6 Summary and Outlook

    Recent full-scale burst tests have confirmed that, for pipelines of Grades X100 and higher,crack arrestors will most probably be needed to avoid ductile fracture propagation. Theuse of crack arrestors can also be beneficial in pipelines operated at low temperatures.

    Crack arrestors for ultra-high-strength pipes made from steel sleeves have the disadvan-tage of their great weight and may cause handling difficulties during production and pipe

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    installation. Crack arrestors applied using fibre reinforcement provide the advantage easyhandling; application of the fibre wrap can be included in the pipe-production process.

    In the case of external impact caused, for example by an excavator shovel or by stonechipping, the fibre wrapping may be damaged; but even in case of complete penetration of

    the composite wrap, only local weakening occurs; this can be compensated by appropriatereinforcement thickness and length.

    Full-scale tests on large and medium-sized pipe diameters have proven the usability offibre-reinforced pipes as crack arrestors. The crack arrestors tested were designed on thebasis of a simple preliminary design concept of distributing the hoop stress equally be-tween the steel pipe and the outer wrap, in the case of the X100 crack arrestor with anadditional safety factor of 1.45. They were able to absorb the energy of the crack to suchan extent that the crack was stopped at the crack arrestor or retarded and arrested at ashort distance behind the crack arrestor. It was shown that fibre-reinforced crack arrestorsare generally capable of arresting propagating fractures in ultra-high-strength pipelines

    (X100) even at high pressures and usage factors.

    In future, a major part of the estimation and optimisation of the necessary geometry andmechanical properties of crack arrestors will be performed by means of calculation mod-els, e.g. on the basis of FE analysis; experimental verification and calibration will nonethe-less be necessary. Small-scale tests have been developed and will be improved to providethis data in a most flexible and cost effective way. Even a simple arrangement makes itpossible to differentiate between various crack arrestor designs.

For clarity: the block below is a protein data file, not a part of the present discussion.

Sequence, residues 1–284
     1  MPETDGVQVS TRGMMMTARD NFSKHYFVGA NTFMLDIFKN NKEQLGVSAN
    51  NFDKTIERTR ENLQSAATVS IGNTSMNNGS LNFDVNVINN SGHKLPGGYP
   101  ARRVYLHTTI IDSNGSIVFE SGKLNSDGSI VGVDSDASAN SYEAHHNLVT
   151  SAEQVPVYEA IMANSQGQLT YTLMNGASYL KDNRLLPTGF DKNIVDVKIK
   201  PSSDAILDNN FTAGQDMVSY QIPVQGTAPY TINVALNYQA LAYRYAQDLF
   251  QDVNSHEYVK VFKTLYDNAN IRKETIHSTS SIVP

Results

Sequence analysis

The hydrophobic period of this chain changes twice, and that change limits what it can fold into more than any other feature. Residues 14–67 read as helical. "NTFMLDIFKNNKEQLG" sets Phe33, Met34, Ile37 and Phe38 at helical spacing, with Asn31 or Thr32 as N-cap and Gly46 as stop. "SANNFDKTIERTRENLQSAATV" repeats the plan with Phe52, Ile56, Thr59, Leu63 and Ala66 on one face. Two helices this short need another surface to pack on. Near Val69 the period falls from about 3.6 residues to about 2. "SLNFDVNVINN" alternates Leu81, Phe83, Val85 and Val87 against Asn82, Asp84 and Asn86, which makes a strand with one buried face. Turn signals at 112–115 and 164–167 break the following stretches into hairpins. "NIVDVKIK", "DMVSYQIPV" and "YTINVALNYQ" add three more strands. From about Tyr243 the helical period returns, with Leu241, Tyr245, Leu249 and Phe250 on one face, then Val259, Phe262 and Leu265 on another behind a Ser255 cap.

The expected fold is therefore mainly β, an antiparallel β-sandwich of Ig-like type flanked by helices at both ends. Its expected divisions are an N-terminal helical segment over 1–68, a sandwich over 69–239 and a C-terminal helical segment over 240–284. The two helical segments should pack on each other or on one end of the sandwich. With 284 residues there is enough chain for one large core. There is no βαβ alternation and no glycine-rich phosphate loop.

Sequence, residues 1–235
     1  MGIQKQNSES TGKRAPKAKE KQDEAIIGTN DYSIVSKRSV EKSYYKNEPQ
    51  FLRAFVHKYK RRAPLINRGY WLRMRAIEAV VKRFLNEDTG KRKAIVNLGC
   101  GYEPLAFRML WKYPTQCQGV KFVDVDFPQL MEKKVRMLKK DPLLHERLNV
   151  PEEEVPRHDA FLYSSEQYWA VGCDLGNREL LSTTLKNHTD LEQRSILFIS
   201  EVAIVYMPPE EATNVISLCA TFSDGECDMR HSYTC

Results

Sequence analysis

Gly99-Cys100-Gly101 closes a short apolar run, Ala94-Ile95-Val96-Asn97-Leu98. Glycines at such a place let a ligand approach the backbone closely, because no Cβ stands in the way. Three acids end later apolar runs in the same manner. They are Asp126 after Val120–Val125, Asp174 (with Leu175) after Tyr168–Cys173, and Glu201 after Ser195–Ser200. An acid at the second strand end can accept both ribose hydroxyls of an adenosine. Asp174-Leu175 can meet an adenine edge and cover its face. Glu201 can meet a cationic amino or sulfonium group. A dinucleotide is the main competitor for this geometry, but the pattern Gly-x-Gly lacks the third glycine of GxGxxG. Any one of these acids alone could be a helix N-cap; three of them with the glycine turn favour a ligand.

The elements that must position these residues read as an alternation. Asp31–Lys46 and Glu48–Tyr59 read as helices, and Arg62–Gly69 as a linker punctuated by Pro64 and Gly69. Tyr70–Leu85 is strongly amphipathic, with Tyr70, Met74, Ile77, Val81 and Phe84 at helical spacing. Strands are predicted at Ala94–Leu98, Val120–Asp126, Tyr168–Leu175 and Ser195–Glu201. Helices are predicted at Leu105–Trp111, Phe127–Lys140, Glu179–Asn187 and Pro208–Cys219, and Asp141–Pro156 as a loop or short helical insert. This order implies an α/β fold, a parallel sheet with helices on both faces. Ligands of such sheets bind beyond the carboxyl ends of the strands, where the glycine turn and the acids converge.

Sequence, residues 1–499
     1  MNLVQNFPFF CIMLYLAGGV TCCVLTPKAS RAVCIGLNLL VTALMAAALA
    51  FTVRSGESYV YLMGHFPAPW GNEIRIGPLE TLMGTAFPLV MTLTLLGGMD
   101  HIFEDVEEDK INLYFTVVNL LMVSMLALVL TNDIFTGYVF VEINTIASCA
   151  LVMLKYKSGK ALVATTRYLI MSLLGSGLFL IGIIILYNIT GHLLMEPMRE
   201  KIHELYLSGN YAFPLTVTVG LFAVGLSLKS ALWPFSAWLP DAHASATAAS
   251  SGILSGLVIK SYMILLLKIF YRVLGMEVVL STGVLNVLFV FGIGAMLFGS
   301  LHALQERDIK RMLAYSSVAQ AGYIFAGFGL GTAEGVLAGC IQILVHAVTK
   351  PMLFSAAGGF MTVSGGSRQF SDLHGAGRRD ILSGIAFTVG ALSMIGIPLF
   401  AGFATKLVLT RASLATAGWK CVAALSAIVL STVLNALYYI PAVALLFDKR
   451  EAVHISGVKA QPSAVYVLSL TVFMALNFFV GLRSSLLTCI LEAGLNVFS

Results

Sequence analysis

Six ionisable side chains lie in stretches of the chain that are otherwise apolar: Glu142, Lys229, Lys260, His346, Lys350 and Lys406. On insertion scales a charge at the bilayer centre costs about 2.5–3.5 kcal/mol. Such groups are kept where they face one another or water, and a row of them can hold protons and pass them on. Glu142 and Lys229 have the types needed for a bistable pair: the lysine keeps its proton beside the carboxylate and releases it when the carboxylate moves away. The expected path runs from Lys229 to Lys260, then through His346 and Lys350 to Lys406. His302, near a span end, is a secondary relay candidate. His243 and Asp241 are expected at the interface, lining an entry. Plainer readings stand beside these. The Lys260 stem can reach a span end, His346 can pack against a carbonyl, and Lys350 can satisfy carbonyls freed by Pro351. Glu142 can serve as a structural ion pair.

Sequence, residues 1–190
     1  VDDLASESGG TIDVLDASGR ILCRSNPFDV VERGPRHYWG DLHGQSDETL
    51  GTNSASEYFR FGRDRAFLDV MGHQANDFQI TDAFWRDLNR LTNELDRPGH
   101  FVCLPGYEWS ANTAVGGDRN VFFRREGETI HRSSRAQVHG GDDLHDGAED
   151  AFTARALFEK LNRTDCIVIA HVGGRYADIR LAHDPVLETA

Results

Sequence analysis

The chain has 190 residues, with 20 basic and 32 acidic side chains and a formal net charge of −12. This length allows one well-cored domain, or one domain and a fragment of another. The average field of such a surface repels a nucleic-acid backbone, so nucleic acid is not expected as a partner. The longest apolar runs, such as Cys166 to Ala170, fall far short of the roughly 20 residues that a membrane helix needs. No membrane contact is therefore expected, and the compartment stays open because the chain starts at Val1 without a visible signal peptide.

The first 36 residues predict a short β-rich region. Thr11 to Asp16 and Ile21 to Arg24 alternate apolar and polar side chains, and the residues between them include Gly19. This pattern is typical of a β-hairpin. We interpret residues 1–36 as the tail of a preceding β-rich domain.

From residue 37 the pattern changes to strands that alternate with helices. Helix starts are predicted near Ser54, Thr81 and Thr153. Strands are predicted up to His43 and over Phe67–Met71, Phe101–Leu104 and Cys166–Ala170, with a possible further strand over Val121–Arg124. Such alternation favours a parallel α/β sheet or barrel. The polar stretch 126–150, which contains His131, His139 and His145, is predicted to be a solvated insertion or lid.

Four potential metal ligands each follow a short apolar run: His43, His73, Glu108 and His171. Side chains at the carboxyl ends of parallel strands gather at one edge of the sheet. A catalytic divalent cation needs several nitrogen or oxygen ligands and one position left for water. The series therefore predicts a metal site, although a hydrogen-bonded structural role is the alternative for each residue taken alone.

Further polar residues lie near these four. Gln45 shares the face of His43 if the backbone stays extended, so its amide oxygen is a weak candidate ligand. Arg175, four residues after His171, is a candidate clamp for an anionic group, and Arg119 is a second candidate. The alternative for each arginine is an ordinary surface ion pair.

Europipe intends to include fibre reinforced crack arrestors in its production program forultra-high-strength steel grades and also for low temperature applications and is ready tocooperate with users on specific applications to further confirm practical usability and op-timise the design of crack arrestors

    7 Literature

    [1] Knauf, G.: EPRG: Crack arrest and girth weld acceptance criteria for high pressuregas transmission pipelines. "Pipe Dreamer's Conference- Application & Evaluation ofHigh-Grade Linepipes in Hostile Environments", 7-8 Nov. 2002, Yokohama, Japan,Proc. Conf., P. 475/500

    [2] Demofonti, G.; Mannucci, G.; Harris, D.; Barsanti, L.; Hillenbrand, H.G.: Fracture be-havior of X100 gas pipelines by full-scale tests. "Pipe Dreamer's Conference- Appli-cation & Evaluation of High-Grade Linepipes in Hostile Environments", 7-8 Nov.2002, Yokohama, Japan, Proc. Conf., P. 245/61

    [3] Andrews, R.M.: Fracture control in high strength steel pipelines. "Pipe Dreamer'sConference- Application & Evaluation of High-Grade Linepipes in Hostile Environ-ments", 7-8 Nov. 2002, Yokohama, Japan, Proc. Conf., P. 525/43

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    [4] Kawaguchi, S; Hagiwara, N.; Masuda, T.; Inoue, T.; Christensen, C.; Nielsen, H.P.;Ludwigsen, P.B.: Rich gas burst test for evaluation of ductile crack arrest in X80 pipe-lines. "Pipe Dreamer's Conference- Application & Evaluation of High-Grade Linepipesin Hostile Environments", 7-8 Nov., 2002 in Yokohama, Japan, Proc. Conf., P. 557/68

    [5] Wilkowski, G.; Scott, P.; Maxey, W.A.: Design and Optimization of Mechanical CrackArrestors for Pipelines. Report to American Gas Association NG-18, Report No. 134,Linepipe Research Supervisory Committee, July 26th, 1983

    [6] Northern Border Pipeline: Verfahren zum Anbringen eines Ristoppers auf einerRohrleitung, und Rohrleitung mit Ristopper. Patent DE 3.208.452